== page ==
Then, in December ‘72/January ’73 the decision was made to move the network center from Ottawa to Toronto, something Hap was deeply involved in; CHUM had made a deal to buy CFCF in Montreal which included an agreement to CANCEL Newsradio at CFCF and subscribe to Contemporary (CCNS). The late Bert Cannings, CF's News Director, wanted no part of the deal and suggested to me we not go too far away. Nonetheless, for the short time we were without CFCF, we had a problem. We were short their revenue. Solution, move Newsradio HQ to Toronto, utilize a wonderful control room for which, without an FM license, EY had no use, share my cost by becoming News Director too .. and drive on. We got a vastly more efficient technical operation, better access to the efforts of EY news, the daily interests of Doug Trowell and Stu Brandy (which helped with the corporate side of things), engineering help from Bill Onn and his people and we improved the service. When the CBC abandoned its back up Telco network lines (3.5 KC), for example, we were quickly able to set aside Broadband for fixed cost lines and prey to god the weird idea of using satellite would someday allow us to get broadcast quality circuits (8KC) which would allow true network operations.
So Hap, how big was Newsradio? At its peak, I think we had topped out at about 45 stations between Victoria, BC and St. John's, Nfld. The great debate in that numbers game was about counting affiliates or stations. Did one broadcaster owning an AM and an FM station served by one newsroom constitute 2 stations or one affiliate? Contemporary Canadian News System (CCNS) inflated their numbers counting two. We stuck with counting affiliate broadcasting organizations, one contract per market adding a small premium to the billing for the FM station, simply because it was impractical to try to limit our product to one station or the other.
Then, along came the development of the Newsradio Network, which meant the supplying of hourly newscasts to the affiliated stations, along with other programming features. This innovation allowed Newsradio to augment its revenues by selling commercial spots inside the newscasts.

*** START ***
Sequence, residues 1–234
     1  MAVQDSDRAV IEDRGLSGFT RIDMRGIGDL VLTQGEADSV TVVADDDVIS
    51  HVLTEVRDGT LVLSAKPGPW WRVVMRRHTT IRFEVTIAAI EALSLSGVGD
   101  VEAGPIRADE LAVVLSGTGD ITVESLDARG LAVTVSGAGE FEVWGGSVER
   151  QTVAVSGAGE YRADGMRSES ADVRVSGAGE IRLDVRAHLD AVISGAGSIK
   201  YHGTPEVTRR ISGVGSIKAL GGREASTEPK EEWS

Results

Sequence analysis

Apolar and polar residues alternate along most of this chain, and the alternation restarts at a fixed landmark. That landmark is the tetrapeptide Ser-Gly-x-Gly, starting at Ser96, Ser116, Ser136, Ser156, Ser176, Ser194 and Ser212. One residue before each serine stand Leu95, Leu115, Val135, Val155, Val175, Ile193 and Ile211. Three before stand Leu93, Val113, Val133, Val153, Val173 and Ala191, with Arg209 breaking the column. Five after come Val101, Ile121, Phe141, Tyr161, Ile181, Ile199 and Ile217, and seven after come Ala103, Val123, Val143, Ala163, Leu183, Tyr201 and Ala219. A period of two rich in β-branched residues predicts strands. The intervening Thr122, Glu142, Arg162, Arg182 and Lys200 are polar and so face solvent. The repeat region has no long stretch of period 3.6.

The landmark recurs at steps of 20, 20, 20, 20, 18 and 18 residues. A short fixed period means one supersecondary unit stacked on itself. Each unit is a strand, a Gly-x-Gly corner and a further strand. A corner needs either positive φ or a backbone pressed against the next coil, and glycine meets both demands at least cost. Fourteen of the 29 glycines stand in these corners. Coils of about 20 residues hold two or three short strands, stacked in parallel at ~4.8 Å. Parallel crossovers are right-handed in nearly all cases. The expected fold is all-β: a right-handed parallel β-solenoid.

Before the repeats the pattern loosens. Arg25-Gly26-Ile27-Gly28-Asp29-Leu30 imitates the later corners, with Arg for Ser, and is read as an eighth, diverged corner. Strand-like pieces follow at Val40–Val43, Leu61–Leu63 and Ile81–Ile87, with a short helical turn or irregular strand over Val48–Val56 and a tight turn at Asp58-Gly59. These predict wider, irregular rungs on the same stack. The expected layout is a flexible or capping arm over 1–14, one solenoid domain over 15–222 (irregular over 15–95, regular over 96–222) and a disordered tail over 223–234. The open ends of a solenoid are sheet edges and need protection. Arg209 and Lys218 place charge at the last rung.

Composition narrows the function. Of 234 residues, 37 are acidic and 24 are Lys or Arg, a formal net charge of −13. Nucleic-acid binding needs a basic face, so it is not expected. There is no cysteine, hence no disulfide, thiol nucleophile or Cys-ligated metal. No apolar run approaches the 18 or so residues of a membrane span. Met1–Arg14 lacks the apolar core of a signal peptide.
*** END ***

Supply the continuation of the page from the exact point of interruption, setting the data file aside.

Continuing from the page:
So, what was the value to Maclean Hunter (MH) of owning Newsradio and paying its bills? Over to Hap: Were we ever close to breaking even? NO. Had the idea of forming the NEWSRADIO NETWORK not been scuttled by whom-ever, ad revenue from network sales might have been considerable. Alas, it was not to be. I think MH figured owning a network might stand in its way to acquiring more stations. In any event, I suspect the expense of Newsradio, successfully positioned to the CRTC as the MH corporate contribution to the Canadian Broadcasting system, might have cost a million plus over the years. But in the process, the Newsradio idea was central to the acquisition by Maclean Hunter of CHNS-Halifax, CKOY-Ottawa and one or two new FM stations in the West, including Calgary, as I recall.
This is a generalized account of the creation and management of Newsradio during the period it was part of Maclean Hunter and also part of my life. One of the most pivotal moments in Canadian radio arrived with the CRTC decision to grant an all-news licence to what became known as CKO. This was a major blow to Maclean Hunter, 590CKEY and Newsradio, which had collectively been making all the moves in that direction. That decision signalled the beginning of the end of the dream to mount a credible private sector all-news operation in Canada, mainly because the nature and form of the CRTC decision that went in favour of CKO. It saddled them with a logistical and cost structure requiring the creation of eleven radio stations across Canada from day one; the Maclean Hunter dream was to develop all-news radio from the center outward gradually.
The final word goes to Hap; you can see there is a large story to be told about the NEWSRADIO bid to become a national alternative to BN-CP, even a private effort to rival CBC Radio. With a break or two, I think we'd have made it.